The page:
I joined Easy Forex back in 2012 to work on a rather complex project – migrate main website of the company from a really outdated version of DotNetNuke to WordPress. WordPress, even though it is an absolutely amazing platform, turned out not to be the right tool for the job. But we’ve managed to deliver anyway. One of the annoying practices that we had to employ though was a semaphore flag for the database changes – only a single developer could work on the database at any given time. (Again, this wasn’t a WordPress limitation, but rather specifics of our environment at the time). That was the time when we introduced the Semaphore Bull to our development process.
It worked out quite well. But being a soft toy, it got abused a lot along the way. It lost a leg, which was screwed in for a while. Then it nearly lost the whole butt. Then the head. Beaten, barely alive, it still stood its ground and did the job! At some point it got so bad, that we’ve had to place it into the plastic container, where it survived for a few more month.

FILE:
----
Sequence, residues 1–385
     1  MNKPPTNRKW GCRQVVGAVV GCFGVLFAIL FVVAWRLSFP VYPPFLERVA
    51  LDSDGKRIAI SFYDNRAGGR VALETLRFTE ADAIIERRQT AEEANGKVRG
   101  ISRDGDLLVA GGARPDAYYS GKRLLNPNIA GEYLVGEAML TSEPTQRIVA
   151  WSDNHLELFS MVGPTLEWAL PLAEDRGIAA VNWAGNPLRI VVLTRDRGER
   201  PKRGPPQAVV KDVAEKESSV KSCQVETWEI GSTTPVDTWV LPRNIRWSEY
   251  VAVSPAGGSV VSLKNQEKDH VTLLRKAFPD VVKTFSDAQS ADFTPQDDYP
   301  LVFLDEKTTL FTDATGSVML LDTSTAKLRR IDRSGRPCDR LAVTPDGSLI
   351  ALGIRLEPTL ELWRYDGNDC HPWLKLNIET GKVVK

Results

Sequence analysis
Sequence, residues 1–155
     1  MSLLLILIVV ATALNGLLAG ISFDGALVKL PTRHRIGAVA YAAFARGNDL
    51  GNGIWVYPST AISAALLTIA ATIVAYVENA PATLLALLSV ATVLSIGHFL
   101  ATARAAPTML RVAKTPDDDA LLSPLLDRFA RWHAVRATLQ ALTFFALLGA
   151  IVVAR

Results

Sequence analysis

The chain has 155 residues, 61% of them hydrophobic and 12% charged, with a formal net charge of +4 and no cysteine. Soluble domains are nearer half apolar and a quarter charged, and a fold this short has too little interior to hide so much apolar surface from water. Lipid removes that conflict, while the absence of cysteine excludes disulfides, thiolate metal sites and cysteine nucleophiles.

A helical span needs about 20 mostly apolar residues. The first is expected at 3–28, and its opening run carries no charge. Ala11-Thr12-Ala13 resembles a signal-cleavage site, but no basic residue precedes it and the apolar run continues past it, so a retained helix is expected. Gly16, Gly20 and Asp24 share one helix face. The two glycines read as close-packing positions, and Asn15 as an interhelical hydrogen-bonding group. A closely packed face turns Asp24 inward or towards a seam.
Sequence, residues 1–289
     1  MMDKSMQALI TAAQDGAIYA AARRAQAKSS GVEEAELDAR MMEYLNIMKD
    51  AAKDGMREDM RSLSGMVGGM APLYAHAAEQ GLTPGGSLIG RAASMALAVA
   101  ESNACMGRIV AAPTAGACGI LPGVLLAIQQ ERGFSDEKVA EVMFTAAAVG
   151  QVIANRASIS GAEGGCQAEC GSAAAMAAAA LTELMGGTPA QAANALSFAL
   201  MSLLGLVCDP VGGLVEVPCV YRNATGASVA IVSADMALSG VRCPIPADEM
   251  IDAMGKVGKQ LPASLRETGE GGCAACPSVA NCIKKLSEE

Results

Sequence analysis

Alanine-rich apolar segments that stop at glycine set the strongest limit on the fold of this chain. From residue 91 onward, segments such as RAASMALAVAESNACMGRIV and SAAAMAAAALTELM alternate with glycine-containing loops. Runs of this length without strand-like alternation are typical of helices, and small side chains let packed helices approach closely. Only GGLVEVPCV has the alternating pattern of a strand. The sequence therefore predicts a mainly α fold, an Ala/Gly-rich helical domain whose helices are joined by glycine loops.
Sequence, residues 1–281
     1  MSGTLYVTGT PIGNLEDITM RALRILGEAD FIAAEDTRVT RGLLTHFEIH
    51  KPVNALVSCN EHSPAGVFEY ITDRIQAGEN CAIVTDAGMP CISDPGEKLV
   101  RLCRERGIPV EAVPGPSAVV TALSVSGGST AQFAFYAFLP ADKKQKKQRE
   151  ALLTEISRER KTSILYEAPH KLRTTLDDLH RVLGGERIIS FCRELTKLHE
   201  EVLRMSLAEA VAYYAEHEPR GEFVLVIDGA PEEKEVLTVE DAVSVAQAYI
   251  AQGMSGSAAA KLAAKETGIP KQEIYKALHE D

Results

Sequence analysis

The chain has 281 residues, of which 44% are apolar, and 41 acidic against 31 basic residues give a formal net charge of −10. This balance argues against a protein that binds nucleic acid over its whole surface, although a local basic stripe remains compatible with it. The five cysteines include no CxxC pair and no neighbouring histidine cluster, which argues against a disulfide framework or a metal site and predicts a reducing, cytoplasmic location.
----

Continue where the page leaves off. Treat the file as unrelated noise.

Today we’ve finalized our migration of the main website from WordPress to CakePHP. The system is so simple now that we don’t even need a database anymore. And with that, the job of the Semaphore Bull ends. Gone, but not forgotten though!
Because of its huge contribution to our work, because it saved us from countless painful hours of resolving SQL conflicts, we’ve decided to create a memorial. Ironically, the memorial to Semaphore Bull is built out Semaphore Bull itself, and the container it lived in. For the future generations to remember the deed, we’ve printed out the snippet of the developer’s manual and embedded it into the memorial together with the dates. Here’s how it looks altogether now.
Thank you, Semaphore Bull. You’ve done us a great service. Rest in peace.